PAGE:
Monday, March 21, 2016

Chaos Theory and the Story of Easter

John 12.1-8, 27-28
One of the things that scientists have discovered about our universe is that it isn't as predictable as it once seemed. There was a time when scientists believed it runs like clockwork, and at some levels it does. The planets orbit the sun like clockwork, our bodies work in fairly predictable ways and even the weather can be predicted a few days ahead with reasonable accuracy. But probe beneath the surface and the world starts to look disturbingly random.
Let’s think for a moment about my journey to work from Hemsworth to Sheffield. There are basically three ways I could go. Two of them are roughly the same length, the route which takes the backways around Rotherham and the route along the Dearne Valley Parkway and the M1 motorway. Both go to Meadowhall. The third way is longer and involves travelling along three different motorways and a dual carriageway, but it avoids Meadowhall.
I listen to the traffic bulletins on the radio, so each day I have to decide which way is going to be quicker. But other drivers are listening to the radio too. If we all hear that there’s been an accident on the motorway at Meadowhall we’ll probably choose one of the alternative routes, but if we all choose the same alternative it could actually take us much longer to get to work than if we had joined the back of the queue.
This means there’s a random quality to the way the traffic flows. Sometimes one route will be much quicker, sometimes another; and if there’s an accident at Meadowhall the effects on the traffic may be totally different on two separate occasions, depending on what each of the thousands of drivers decides to do.
It’s unpredictable, and yet it’s not totally unpredictable, because over the course of hundreds of accidents and traffic jams at Meadowhall a pattern does emerge. The likelihood of different outcomes can be predicted even when the actual outcome on any particular day cannot. And I guess that’s pretty much how weather forecasting works too.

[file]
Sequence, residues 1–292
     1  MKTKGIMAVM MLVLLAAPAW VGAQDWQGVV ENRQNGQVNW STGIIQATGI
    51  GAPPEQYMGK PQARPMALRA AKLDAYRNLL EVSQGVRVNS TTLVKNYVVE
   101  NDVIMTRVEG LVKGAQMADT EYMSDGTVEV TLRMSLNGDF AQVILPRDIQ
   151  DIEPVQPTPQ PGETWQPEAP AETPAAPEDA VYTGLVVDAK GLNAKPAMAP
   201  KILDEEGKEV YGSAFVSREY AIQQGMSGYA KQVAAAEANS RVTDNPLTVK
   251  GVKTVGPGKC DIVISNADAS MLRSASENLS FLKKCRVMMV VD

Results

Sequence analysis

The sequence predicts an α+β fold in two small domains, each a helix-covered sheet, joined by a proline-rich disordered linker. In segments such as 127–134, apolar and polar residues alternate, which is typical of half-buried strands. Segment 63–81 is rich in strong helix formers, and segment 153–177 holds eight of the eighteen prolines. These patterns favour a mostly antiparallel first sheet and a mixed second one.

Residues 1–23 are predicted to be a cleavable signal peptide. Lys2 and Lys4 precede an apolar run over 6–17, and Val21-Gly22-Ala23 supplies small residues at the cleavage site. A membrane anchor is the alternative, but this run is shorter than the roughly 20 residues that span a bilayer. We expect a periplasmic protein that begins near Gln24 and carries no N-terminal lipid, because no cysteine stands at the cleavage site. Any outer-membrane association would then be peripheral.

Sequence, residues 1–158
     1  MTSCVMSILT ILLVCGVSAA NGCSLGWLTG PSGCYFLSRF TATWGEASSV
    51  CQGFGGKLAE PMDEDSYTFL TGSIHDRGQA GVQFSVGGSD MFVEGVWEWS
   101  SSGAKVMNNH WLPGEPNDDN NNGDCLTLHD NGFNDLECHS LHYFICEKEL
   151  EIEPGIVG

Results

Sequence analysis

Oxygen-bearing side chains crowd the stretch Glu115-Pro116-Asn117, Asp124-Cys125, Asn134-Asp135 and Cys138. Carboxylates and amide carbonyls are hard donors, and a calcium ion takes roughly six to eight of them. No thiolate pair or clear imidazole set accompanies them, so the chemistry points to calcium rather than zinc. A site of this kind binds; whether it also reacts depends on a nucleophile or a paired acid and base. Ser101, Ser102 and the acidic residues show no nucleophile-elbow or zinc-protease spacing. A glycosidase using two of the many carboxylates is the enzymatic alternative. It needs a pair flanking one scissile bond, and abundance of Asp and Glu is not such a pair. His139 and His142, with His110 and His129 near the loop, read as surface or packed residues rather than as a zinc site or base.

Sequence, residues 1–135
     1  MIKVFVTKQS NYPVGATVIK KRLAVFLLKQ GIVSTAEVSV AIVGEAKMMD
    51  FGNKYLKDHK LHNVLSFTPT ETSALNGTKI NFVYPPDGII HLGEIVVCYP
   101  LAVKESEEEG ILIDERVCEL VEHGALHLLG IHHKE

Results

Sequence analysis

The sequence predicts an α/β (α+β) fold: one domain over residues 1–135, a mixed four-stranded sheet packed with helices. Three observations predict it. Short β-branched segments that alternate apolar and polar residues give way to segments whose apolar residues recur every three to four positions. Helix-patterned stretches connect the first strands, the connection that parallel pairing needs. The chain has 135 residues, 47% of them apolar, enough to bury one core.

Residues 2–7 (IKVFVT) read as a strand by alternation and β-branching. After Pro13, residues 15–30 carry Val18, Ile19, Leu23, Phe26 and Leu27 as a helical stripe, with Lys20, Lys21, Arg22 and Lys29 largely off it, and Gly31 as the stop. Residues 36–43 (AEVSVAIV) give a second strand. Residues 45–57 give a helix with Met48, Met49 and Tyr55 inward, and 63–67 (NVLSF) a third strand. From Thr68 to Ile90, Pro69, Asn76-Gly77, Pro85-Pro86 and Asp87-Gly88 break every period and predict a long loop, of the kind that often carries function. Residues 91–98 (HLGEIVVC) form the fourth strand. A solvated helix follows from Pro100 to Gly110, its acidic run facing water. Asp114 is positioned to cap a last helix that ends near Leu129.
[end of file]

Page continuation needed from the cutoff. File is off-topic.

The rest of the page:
The loose  term that’s popularly used to describe how we can forecast the way that traffic flows or the weather will unfold is Chaos Theory. I listened to a radio discussion about Chaos Theory recently and one of the contributors said that if a coin is tossed high enough into the air then even God will not be able to predict which way it will come down. That made me sit up and think!
He went on to explain that the unpredictability arises because everything depends on how the coin cuts the molecules in the air as it passes through them on the way down and that is an entirely random event. But on the other hand it's also a bit like looking at a picture made up of thousands dots. If you look at the picture close-up the pattern of the dots seems entirely random, but from a distance they resolve into a picture. When we look at the big picture, all the coin tosses that have ever happened throughout history, a pattern does begin to emerge. Half the time the coin will land on its head and half the time it will land on its tail.
So Chaos Theory suggests that, from God's perspective, there’s an apparent order to what’s happening in the world even when individual events look totally disordered or unpredictable. The individual components in the pattern will always have the freedom to fall where they will, they’re not preordained to fall into a particular place, but nonetheless over time a pattern of how individuals are likely to behave will definitely begin to emerge.
And this works for human thought processes as well as for coin tossing. The brain is enormously complex and it’s completely impossible to predict how anyone will respond to a given situation. We may choose to jump one way; we may choose to jump the other. Our impulse may lead us to do or say one thing or something completely different, depending on which side we got out of bed this morning. But over time a pattern will still emerge, and more than that, our circumstances will begin to shape the way our brain works and cause certain patterns of behaviour to predominate.
For instance, London taxi drivers have to learn a lot of knowledge about the streets of London and this has been shown to make their memories much better than other people's. And a cautious person like Judas Iscariot becomes more likely to save his own skin by planning ahead and looking for a way that will get him out of trouble, whereas an impulsive person like Peter becomes ever more likely to do or say something in the heat of the moment; to say the wrong thing, perhaps, and regret it later.